Gilluly Post, G.A.R., is in receipt of a condemned cannon 10 1/2 feet long and weighing 4,200 lbs., furnished by the government. A suitable base will be purchased by the post and the gun will be placed in the cemetery as a monument.

By the spring of 1898, The cannon recently received from the government has been placed upon a large cut stone base at Oakwood cemetery and presents a fine appearance and serves as a very appropriate monument to the dead heroes.

And then the celebration:

Decoration Day Exercises~~Decoration Day will be observed in Fowlerville on Monday, May 30, by John Gilluly Post, G.A.R., in the dedication of the monument placed in Greenwood cemetery, with the following program. The Post will meet in their Post hall at 9:30 a.m., and at 10 o'clock march to the cemetery. The W.R.C., public schools, civic societies and all citizens are invited to join in the march and all of the exercises of the day.

At the cemetery, the following exercises will take place:
Prayer.....Rev. A.B. Whitney
Music....."Star Spangled Banner"
Presentation of Monument to Post by.....Hon. F.G. Rounsville, Pres of Village a Comrade
Address......Rev. J.H. Thomas
Benediction......G.L. Adams
Decoration of graves by Post and children of public schools.

Of all the days in the year Memorial Day is the one that should receive the most attention at the hands of the nation. The tendency which has seemed to be growing during the past few years to make it a day of pleasure and sport should meet with a firm rebuke at the hands of the older ones and the younger portion of the nation should be thoroughly taught its solemnity and to fully appreciate its significance and how to properly observe the day of sacred memory to the nation's dead heroes, for every man who ever wore the blue and passed into battle is a hero. A soldier may have enlisted for money or for a prospective journey and a general good time, but a few weeks of actual service and contact with the stoutest patriotism which filled the ranks soon wrought a change and the fire of true patriotism must have burned in every heart.

Another opportunity of showing our love and appreciation for the memory of those heroes will offer itself to every citizen on Monday next and we hope that all will lay aside the busy cares of the farm, shop and store to show proper respect for the day, for the memory of the dead and the honor of the living.

Because of this, a current-day picture will now need to be taken, which you can see as today's "then and now" squint shot.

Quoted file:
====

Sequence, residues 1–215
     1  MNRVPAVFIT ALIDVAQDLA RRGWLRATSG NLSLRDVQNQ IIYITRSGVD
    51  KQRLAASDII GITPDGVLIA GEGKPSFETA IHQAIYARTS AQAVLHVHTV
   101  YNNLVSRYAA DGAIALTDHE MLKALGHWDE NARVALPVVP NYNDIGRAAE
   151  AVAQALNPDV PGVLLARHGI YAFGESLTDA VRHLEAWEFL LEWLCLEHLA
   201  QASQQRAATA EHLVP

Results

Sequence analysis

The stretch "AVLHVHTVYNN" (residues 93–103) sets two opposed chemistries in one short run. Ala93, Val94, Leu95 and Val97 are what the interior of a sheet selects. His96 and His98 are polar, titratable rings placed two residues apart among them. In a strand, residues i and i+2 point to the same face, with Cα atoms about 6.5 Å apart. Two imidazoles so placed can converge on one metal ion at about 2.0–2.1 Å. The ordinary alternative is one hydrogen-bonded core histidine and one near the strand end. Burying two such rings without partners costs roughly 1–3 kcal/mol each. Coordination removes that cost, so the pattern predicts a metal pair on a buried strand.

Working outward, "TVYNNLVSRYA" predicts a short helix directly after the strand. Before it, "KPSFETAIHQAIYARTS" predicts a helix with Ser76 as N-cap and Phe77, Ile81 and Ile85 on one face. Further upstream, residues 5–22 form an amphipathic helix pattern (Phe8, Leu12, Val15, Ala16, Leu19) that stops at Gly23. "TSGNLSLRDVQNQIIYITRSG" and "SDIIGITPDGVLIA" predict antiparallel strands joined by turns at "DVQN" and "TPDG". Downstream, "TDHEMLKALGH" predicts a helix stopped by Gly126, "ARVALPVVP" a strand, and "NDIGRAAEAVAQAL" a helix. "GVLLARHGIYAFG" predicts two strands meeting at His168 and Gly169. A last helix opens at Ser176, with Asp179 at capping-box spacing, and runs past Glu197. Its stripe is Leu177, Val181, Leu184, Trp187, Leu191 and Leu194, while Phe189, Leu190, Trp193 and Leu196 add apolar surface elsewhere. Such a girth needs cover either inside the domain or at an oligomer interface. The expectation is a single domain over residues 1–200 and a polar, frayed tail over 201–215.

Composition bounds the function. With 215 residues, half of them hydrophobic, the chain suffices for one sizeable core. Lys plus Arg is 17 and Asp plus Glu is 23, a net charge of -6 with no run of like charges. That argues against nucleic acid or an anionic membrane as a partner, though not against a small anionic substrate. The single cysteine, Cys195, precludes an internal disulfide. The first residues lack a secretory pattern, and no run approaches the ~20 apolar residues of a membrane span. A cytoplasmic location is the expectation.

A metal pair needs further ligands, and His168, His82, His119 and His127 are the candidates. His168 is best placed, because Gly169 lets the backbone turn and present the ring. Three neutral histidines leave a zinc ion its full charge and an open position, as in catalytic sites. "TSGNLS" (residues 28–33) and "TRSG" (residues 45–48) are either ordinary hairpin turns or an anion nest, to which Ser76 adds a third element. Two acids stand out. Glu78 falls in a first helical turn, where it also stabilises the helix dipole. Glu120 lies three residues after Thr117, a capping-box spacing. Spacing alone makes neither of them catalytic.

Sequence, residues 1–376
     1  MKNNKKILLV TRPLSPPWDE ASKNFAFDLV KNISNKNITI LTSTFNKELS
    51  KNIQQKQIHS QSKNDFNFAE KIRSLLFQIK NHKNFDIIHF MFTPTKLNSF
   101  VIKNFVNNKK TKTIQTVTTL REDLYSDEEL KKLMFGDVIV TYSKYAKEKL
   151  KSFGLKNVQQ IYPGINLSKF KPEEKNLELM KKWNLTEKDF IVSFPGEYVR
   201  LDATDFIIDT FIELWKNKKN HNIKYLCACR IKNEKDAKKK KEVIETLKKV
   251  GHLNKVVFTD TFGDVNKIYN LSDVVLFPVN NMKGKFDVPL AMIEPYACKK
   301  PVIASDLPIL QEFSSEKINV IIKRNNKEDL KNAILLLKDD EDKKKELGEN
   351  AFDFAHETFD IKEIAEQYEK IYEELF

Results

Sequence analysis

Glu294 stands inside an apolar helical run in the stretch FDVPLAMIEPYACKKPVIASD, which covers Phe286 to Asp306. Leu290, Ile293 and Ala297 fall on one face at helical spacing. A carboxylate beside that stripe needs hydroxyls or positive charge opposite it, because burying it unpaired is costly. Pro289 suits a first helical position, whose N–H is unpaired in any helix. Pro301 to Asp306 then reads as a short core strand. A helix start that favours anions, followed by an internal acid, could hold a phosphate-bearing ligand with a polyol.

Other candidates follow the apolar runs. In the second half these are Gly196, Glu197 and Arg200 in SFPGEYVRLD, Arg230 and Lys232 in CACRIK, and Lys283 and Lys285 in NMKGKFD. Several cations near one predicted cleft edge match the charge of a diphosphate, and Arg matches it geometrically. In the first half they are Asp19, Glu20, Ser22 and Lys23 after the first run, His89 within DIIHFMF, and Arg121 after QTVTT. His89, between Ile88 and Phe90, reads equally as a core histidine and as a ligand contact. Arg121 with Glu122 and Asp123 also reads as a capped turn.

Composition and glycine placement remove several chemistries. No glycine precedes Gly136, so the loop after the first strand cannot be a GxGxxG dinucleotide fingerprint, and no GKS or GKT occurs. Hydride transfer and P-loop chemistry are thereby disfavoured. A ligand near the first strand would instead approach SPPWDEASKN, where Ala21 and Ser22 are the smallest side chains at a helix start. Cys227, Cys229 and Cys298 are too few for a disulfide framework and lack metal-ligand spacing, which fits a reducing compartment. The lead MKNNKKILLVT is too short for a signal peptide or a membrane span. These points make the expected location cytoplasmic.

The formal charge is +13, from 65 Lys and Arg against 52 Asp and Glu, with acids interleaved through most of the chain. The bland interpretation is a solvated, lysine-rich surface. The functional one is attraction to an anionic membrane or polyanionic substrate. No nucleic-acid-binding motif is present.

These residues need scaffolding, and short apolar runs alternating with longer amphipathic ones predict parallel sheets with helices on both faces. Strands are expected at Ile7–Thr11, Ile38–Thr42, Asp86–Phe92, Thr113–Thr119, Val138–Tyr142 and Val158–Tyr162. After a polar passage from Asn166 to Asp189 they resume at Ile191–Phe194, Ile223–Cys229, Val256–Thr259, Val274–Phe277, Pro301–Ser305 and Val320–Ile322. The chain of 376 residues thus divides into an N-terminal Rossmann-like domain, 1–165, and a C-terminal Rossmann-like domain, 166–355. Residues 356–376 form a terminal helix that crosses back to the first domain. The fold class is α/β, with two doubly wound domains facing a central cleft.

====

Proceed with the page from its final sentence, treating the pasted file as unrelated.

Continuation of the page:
Squint Shot 041911

Today's "then and now" squint shots show the cannon that was put in place in the cemetery in 1898 (more information on this can be found in today's "history lesson"). In 1943, a picture of the cannon was taken. The two photographs I took gives evidence on how the trees have grown, and it also shows how some refinements have been made to the monument. A second picture I took, shows the other side of the monument, looking southward.

Monday, April 18, 2011

1936 Ye Olde Town of Fowlerville

Nineteen thirty-six was the 100th anniversary of the arrival of Ralph Fowler to the area. W.H. Peek (Bill Peek), who was a printer, editor and publisher (of the Fowlerville Observer and the Fowlerville Standard), put together a booklet entitled Ye Olde Town of Fowlerville. Along with a synopsis of the history, there were also various pictures showing buildings from earlier years -- many of which can be easily found in old postcards, reprints in the Fowlerville Historical Collection, as well as in my book, The Fowlerville Chronicles. As you read through the synopsis, you may well be familiar with a lot of this history if you have been following this website or read the information I compiled for the book. In future posts, I will add some of the additional information found in this booklet. Also, if you would like to look at this booklet in its entirety, it can be found at the Michigan Library in Lansing.

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In 1900, rural free delivery (RFD) was established for the area surrounding Fowlerville.  The first route went north of town into Conway Township.  According to G.L. Adams, the editor and publisher of The Fowlerville Review, F.N. Parsons of this place, has been appointed carrier, and the new service will go into operation June 4, 1900.